Continue reading A closer look at… A Most Violent Year

A closer look at… Nightcrawler

Note: Guides from our archive are in a slightly different format and have been edited here to make them more user-friendly.

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Nightcrawler is rated 15 for strong bloody crime scene detail, strong language. The film is available on DVD.

The Scoop

Lou Bloom (Jake Gyllenhaal) is ready to try his hand at anything. Full of self-improvement aphorisms and entirely empty of scruples, he stumbles across the Los Angeles underworld of ‘nightcrawling’: following police-radio tipoffs to incident sites, and filming the grim aftermath. The resulting footage can be sold to cable news stations, who have no qualms about broadcasting images of car wrecks or bleeding shootout victims. If it pulls in viewers, it runs – or as Lou’s fellow nightcrawler Joe (Bill Paxton) puts it, ‘if it bleeds, it leads.’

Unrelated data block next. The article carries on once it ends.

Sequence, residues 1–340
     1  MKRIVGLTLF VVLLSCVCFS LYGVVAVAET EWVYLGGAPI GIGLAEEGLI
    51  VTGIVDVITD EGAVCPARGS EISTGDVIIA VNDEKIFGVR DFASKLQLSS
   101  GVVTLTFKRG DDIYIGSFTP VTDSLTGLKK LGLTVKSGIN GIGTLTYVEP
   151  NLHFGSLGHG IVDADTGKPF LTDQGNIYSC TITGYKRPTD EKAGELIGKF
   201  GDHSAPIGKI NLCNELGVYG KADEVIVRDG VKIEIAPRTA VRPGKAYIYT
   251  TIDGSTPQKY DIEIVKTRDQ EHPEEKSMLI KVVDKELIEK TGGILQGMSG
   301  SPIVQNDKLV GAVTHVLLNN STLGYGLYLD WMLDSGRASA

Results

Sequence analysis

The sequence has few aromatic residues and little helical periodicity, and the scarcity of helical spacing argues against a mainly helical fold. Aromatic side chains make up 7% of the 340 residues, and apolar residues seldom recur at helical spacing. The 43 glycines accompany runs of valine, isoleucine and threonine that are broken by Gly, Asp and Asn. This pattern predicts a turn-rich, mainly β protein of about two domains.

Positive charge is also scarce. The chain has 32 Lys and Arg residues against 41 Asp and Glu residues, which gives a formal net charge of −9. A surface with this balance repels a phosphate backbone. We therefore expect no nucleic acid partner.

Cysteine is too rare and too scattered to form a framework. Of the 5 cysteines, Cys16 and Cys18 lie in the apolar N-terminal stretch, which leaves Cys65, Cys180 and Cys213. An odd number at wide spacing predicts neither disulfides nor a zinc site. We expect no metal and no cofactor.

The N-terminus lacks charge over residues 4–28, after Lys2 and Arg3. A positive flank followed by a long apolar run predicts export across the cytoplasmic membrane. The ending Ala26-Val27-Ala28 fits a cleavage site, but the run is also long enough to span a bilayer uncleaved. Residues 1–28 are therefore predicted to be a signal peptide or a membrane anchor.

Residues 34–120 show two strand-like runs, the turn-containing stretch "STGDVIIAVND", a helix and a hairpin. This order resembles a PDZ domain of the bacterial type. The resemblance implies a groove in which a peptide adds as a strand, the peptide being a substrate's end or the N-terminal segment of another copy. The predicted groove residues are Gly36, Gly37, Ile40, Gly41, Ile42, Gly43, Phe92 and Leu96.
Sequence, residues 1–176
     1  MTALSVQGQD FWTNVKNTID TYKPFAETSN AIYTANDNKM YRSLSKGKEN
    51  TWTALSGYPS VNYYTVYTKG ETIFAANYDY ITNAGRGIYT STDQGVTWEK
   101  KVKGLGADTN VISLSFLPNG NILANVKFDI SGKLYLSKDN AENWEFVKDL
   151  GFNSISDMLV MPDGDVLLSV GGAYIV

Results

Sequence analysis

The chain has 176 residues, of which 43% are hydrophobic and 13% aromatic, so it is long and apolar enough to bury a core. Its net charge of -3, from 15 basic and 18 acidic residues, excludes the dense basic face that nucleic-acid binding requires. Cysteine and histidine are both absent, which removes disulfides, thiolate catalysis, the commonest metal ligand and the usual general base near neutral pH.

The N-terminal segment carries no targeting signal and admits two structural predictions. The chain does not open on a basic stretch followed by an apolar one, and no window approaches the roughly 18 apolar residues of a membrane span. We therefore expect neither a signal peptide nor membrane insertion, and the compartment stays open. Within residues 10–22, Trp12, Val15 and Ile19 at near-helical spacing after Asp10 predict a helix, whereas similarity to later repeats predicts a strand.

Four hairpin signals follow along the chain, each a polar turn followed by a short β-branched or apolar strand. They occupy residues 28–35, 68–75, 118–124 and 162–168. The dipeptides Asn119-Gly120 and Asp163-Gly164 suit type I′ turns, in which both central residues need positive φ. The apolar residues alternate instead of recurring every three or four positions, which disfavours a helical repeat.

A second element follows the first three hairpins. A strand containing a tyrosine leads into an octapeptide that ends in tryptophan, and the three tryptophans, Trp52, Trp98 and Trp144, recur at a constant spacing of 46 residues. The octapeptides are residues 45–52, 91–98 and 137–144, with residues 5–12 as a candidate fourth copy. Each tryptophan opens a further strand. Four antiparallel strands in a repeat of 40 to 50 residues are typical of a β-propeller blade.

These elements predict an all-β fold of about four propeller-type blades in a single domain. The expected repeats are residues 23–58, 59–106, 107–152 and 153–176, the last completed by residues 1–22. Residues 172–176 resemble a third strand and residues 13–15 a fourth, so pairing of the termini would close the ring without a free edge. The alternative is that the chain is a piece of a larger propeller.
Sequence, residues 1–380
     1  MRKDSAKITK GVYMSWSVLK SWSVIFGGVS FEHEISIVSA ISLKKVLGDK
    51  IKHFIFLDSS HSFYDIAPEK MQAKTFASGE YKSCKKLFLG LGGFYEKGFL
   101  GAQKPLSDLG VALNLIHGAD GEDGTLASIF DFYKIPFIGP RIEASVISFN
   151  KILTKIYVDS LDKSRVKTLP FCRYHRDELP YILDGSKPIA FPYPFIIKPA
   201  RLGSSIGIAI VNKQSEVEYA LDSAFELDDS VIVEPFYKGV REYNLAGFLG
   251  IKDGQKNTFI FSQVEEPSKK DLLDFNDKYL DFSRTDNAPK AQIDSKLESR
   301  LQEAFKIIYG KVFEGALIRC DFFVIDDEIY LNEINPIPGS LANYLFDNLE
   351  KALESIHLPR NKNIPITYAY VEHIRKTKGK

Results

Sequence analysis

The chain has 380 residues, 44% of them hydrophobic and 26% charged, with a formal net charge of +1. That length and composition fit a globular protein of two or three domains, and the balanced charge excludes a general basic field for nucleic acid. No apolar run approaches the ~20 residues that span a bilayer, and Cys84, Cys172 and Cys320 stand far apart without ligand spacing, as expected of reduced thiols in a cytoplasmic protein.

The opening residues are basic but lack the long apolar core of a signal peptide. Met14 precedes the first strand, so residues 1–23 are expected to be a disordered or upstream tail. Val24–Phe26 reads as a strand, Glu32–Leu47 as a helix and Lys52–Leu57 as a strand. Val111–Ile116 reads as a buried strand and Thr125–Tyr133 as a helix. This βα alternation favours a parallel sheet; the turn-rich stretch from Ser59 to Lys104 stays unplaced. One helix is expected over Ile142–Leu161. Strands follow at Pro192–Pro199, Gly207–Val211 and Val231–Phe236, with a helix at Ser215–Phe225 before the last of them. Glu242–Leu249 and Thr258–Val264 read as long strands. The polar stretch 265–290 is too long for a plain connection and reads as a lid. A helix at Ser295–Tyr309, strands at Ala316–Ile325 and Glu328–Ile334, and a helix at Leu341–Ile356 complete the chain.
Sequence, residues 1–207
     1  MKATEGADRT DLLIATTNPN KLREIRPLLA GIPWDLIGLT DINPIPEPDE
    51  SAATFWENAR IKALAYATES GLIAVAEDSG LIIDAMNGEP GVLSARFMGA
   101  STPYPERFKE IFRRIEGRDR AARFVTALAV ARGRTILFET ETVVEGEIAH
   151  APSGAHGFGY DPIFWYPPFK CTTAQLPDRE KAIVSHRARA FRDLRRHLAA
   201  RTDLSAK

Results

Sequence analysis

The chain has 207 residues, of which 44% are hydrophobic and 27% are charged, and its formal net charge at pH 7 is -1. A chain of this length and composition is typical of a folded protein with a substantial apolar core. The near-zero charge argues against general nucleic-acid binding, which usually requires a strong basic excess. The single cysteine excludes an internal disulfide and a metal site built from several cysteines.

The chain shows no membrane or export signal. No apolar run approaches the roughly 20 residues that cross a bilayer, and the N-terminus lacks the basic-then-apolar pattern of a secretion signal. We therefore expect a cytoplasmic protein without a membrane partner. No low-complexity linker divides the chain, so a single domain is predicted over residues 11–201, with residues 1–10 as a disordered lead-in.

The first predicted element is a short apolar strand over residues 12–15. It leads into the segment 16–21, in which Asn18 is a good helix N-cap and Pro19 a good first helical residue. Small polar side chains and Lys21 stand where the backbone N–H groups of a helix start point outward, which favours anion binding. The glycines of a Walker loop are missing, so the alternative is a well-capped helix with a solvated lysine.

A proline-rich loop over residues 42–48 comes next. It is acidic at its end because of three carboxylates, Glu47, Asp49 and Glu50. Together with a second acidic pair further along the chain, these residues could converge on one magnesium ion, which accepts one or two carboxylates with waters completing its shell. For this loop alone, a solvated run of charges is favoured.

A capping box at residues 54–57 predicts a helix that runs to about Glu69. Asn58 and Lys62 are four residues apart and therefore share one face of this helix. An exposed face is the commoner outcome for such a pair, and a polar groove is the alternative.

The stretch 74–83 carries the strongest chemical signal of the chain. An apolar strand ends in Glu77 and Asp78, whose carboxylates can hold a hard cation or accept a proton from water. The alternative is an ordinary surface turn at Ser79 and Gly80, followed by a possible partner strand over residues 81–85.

As Lou’s fledgling business grows, he develops a symbiotic relationship with news director Nina (Rene Russo), who’s every bit as ruthless as he is, and an uneven partnership with ‘intern’ Rick (Riz Ahmed), a young man too desperate for money to say no. Just how far is Lou willing to go in pursuit of the success he craves? And who will end up paying the price?

Continue reading A closer look at… Nightcrawler

A closer look at… The Big Short

© Paramount, 2016.
© Paramount, 2016.

The Big Short is rated 15 for strong language, sexualised nudity

The ScoopA mixed bag of a film which nevertheless acts as an effective primer on the financial crash.

It’s 2005, and socially inept hedge fund manager Michael Burry (Christian Bale) thinks he’s spotted something huge. The housing market, long considered to be the foundation of the American economy, is far less stable than everybody believes. In fact, Burry predicts, a huge and catastrophic crash is on its way. If he plays his cards right, he can benefit from it.

Paying visits to numerous incredulous banks, Burry ‘shorts’ the housing market, effectively placing bets against it. When trader Jared Vennett (Ryan Gosling) hears about what Burry is doing he accidentally alerts another hedge fund manager, the cynical Mike Baum (Steve Carrell), and they team up to short the market themselves. Meanwhile, another team – young investors Charlie (John Magaro) and Jamie (Finn Whittrock), and their older mentor Ben (Brad Pitt) – have also stumbled on Burry’s prediction and are doing the same.